1. Joined
    11 Nov '05
    Moves
    43938
    20 Jun '08 11:33
    You have a watch-face, numbered from 1 to 12 around a circle.

    Can you with two cuts divide the face so you get the numbers in groups with the same sum as the others?

    How do you do?
    Is there more solutions than one?

    Example: Cut in a cross and you get 1, 2, 3 in one group, 4, 5, 6 in another group etc. This is not a solution because 1+2+3=6 and 4+5+6=15 has not the same sum.
  2. Standard memberwolfgang59
    howling mad
    In the den
    Joined
    09 Jun '07
    Moves
    45641
    20 Jun '08 11:57
    Originally posted by FabianFnas
    You have a watch-face, numbered from 1 to 12 around a circle.

    Can you with two cuts divide the face so you get the numbers in groups with the same sum as the others?

    How do you do?
    Is there more solutions than one?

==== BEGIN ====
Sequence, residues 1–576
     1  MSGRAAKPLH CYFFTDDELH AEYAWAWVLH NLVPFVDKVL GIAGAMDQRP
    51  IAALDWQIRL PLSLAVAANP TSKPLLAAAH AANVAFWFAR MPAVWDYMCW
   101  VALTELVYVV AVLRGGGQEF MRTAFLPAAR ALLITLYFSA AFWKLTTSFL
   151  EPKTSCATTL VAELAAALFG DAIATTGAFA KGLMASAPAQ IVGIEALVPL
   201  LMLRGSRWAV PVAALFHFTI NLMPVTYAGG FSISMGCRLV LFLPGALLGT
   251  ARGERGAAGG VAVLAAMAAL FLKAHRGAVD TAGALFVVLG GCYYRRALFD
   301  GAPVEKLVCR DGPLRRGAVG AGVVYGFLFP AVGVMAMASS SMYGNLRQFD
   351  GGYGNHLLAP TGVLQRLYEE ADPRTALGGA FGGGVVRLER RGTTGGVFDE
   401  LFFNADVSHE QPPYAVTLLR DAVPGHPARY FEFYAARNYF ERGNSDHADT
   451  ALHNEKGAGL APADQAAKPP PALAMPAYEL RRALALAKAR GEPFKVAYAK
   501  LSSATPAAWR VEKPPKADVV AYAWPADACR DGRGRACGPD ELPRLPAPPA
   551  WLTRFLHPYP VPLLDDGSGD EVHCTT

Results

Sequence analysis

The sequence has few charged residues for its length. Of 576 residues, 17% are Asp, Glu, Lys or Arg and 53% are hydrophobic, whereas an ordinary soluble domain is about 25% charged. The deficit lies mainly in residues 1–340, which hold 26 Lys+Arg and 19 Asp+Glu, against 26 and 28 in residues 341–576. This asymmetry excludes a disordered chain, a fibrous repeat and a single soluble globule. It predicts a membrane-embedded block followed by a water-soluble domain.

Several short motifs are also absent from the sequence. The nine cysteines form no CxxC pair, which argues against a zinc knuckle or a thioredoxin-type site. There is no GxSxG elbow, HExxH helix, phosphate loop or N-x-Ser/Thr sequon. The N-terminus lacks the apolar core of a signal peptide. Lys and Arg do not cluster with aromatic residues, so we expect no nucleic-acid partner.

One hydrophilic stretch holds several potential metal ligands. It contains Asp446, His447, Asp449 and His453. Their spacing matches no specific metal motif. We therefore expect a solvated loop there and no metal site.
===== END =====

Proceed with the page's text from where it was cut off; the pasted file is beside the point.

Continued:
Example: Cut in a cross and you get 1, 2, 3 in one group, 4, 5, 6 in another group etc. This is not a solution because 1+2+3=6 and 4+5+6=15 has not the same sum.
    Sum of all numbers is 78 which is not divisible by 4. We are therefore looking to divide the clockface into 3.

    78/3 = 26

    11,12,1,2

    9,10,3,4

    5,6,7,8

    Looks unique to me.
  3. Joined
    31 May '07
    Moves
    696
    20 Jun '08 15:21
    10,11,12,1,2,3 and 4,5,6,7,8,9

    you just use one cut to get half the way across.
  4. Joined
    15 Feb '07
    Moves
    667
    21 Jun '08 01:50
    Unfortunately, the problem is how to do it with exactly TWO cuts.

    I am wondering if there might be a second solution which involves cutting a two digit number into 2 separate numbers.. That might technically meet the qualifications.
  5. Joined
    31 May '07
    Moves
    696
    21 Jun '08 09:10
    it is two cuts. As I said, you use one cut to get half way across.
  6. Joined
    12 Sep '07
    Moves
    2668
    21 Jun '08 09:21
    Or have the two cuts at an angle to each other, not parallel.
  7. Joined
    05 Jun '07
    Moves
    906
    26 Jun '08 17:21
    I wonder if the stipulation requires the cuts to be a chord.
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